Narcolepsy

People with narcolepsy typically have daytime sleepiness, cataplexy, sleep paralysis, hallucinations upon falling asleep or waking-up, and poor quality sleep. Except for cataplexy, all of these problems can occur in other sleep disorders like Sleep Apnea.

Cataplexy is unique to narcolepsy. It is a sudden, unexplained weakness or paralysis triggered by emotions. There is no loss of consciousness and these events usually only last for several seconds to a few minutes.

Who Gets Narcolepsy?

Narcolepsy occurs in approximately 1 in 2000 people in the general population. It usually occurs spontaneously, but it can also be inherited. Nobody knows why it occurs, but in 2000 it was discovered that people with narcolepsy with cataplexy are missing (or have very little of) a neurotransmitter called hypocretin.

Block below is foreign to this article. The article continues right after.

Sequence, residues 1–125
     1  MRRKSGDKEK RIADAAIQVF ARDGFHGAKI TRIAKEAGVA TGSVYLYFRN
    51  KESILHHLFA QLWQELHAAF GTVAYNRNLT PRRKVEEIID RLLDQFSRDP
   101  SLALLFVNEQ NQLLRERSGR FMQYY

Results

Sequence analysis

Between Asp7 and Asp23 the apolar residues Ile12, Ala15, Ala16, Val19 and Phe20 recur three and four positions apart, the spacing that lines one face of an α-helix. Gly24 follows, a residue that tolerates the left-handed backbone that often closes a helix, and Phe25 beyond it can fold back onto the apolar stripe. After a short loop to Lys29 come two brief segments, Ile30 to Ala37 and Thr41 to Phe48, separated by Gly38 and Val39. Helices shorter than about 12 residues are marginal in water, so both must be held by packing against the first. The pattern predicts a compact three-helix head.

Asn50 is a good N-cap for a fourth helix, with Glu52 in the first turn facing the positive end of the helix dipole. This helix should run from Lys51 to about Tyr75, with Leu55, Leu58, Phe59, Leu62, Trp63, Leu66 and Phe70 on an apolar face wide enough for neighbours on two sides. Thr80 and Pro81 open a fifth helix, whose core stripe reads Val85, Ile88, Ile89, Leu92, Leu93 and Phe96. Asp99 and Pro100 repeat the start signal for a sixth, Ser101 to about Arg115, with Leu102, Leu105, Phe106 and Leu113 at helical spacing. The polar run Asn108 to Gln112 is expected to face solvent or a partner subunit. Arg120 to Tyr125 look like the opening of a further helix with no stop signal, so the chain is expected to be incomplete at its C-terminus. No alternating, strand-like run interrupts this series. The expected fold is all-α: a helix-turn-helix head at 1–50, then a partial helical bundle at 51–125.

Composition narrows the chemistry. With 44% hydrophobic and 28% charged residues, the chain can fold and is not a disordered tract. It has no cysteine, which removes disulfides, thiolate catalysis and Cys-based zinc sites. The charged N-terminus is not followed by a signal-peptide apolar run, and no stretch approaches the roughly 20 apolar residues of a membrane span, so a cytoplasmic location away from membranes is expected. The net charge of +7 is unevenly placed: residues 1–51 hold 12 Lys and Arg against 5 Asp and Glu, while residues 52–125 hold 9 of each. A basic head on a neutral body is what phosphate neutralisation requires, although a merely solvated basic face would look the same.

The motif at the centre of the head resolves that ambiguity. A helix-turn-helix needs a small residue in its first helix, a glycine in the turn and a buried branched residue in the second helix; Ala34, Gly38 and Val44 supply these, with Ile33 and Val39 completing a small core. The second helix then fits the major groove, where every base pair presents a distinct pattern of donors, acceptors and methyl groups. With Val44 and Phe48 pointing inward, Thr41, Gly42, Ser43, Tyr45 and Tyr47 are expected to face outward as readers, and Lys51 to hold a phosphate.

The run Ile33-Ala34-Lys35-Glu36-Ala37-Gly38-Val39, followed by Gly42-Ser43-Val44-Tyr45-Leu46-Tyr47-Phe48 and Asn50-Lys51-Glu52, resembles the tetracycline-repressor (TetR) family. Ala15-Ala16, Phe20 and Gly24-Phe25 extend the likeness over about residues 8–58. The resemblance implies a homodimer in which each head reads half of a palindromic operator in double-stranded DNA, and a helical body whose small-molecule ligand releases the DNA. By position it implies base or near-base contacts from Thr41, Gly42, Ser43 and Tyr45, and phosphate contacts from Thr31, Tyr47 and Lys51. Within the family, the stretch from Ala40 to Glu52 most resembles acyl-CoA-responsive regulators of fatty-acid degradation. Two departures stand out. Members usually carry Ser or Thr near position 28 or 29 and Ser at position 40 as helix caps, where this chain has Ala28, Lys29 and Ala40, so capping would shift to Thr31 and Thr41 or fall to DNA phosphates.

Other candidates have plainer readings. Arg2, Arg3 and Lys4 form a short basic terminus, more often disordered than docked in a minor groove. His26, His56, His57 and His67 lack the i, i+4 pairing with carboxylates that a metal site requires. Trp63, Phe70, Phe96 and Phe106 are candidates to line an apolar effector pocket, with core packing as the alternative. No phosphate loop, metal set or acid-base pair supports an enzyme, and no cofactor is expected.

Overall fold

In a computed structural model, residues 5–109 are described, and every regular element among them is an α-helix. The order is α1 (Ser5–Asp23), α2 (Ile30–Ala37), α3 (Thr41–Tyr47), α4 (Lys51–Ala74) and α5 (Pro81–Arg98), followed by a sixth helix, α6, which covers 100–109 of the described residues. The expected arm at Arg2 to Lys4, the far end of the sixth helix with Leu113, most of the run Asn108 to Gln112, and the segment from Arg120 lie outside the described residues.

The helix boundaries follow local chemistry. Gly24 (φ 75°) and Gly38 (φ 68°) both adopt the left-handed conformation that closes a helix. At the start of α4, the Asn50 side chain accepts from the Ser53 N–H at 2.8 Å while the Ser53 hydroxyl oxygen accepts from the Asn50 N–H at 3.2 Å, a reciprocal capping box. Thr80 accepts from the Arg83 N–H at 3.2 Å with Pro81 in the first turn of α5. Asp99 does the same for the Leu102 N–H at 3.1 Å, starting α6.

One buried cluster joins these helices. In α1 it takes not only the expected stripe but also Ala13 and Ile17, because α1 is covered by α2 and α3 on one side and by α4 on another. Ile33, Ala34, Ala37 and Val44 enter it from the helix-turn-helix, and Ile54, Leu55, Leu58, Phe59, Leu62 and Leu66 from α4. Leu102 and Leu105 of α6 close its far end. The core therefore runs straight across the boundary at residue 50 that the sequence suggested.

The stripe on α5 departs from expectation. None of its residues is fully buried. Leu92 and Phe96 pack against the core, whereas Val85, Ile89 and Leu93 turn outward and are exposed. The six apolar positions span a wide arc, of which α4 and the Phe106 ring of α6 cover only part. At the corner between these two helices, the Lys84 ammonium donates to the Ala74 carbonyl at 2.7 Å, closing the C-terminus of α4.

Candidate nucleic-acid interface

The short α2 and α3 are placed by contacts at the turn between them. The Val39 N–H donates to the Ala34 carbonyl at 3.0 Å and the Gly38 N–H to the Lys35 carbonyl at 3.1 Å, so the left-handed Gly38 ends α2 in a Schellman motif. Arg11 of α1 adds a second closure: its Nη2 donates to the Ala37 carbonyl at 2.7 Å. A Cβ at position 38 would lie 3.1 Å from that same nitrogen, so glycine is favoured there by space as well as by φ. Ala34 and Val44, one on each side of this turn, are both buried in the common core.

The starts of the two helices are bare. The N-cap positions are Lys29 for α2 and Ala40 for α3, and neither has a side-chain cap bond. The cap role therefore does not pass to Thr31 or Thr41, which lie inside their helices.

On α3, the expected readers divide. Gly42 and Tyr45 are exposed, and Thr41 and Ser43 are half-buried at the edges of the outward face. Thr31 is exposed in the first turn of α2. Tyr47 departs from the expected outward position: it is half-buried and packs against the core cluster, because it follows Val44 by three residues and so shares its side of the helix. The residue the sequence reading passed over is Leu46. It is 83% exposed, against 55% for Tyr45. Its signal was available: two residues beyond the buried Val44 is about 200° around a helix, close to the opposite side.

How Is Narcolepsy Treated?

Narcolepsy is usually treated with a combination of lifestyle modification and medications. It is important to realize that even with optimal treatment, most people with narcolepsy continue to have a degree of daytime sleepiness.

Behavioral modification involves short naps and proper choice of employment. People with narcolepsy generally do better with jobs that are mentally and physically stimulating rather than sedentary in nature. Employers should be notified that people with narcolepsy may need to take short naps during the course of a workday.

There are two types of medication for narcolepsy: those for daytime sleepiness and those for cataplexy. Medications that help with daytime sleepiness include amphetamines and the newer wake promoting agents like Provigil. Medications that help with cataplexy are the antidepressants, like Prozac and Effexor. A medication called Xyrem helps with both daytime sleepiness and cataplexy. Ask your doctor about what option is right for you.